Wednesday’s History: October 7
Today, October 7, a TV show premieres, fire in Peshtigo, a double-decker steamboat arrives, and a running back sets a record, from history.com.
Shipbuilder Henry Shreve launched the double-decker steamboat Washington in Pittsburgh to dock in New Orleans on this date.
The Washington, with its stern-mounted paddle wheel and shallow flat-bottomed hull, was designed for the shallow rivers in Mississippi and Missouri. In the spring, it arrived in Louisville after 25 days going 15-25 mph.
The Ohio and Mississippi Rivers saw a peak of 740 steamboats in 1850 that moved more than 3 million passengers.
Peshtigo, Wisconsin, had one of the largest wood-products factory and many of the structures were timber framed, roads were covered in sawdust and the main bridge was made of wood.
In 1871, a blaze began in a forest, spreading to the village of Sugar Bush, killing everyone. When the fire reached the neighboring town of Peshtigo, it burned so hot that trees exploded. On October 8, people died in a tavern, others fleeing to the river drowned. More than 1,000 people died and 2 billion trees burned.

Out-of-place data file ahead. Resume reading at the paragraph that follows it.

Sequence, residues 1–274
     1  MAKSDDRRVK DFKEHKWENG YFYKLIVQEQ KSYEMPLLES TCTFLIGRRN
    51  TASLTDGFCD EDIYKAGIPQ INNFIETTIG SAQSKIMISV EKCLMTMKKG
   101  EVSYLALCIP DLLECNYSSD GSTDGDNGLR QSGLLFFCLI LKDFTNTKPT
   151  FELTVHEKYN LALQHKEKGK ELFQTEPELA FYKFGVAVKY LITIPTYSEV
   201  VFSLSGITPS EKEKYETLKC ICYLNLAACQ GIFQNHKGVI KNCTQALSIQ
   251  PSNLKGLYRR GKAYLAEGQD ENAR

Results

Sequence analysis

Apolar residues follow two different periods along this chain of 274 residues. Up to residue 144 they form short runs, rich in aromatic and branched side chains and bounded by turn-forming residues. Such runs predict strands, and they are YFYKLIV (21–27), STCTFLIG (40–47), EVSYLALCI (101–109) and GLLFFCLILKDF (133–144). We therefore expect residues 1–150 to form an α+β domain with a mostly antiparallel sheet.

However, it was the Great Chicago Fire, which started the next day, that made headlines. Michigan's Upper Peninsula had a fire that burned 2 million acres as a side note in the papers the next day.
In 1960, Buz and Tod in a Corvette traveling from town to town was the premiere of "Route 66."
In four years on the air, 116 episodes in 25 states were shot. Stirling Silliphant, creator and writer, arrived six weeks in advance to each location, then wrote the episode on-site.
The real "Route 66" ran from Chicago to Los Angeles and Bobby Troup recorded in 1946 "Get Your Kicks on Route 66."
It was 1984, Chicago Bears versus Dallas Cowboys, running back Walter Payton needed 66 yards to break Jim Brown's record set in 1965.
October 7 at Soldier Field it was Chicago versus New Orleans. Walter Payton gets the ball from quarterback Jim McMahon to complete the record in the second half. He gave the ball to a Pro Football Hall of Fame representative and continued to play. In that year, Payton rushed for a total of 12,400 yards, ending his career with 16,726. That record stood until 2002 when Dallas Cowboy's Emmit Smith rushed for 18,355 yards.
Walter Payton died in 1999 of cancer.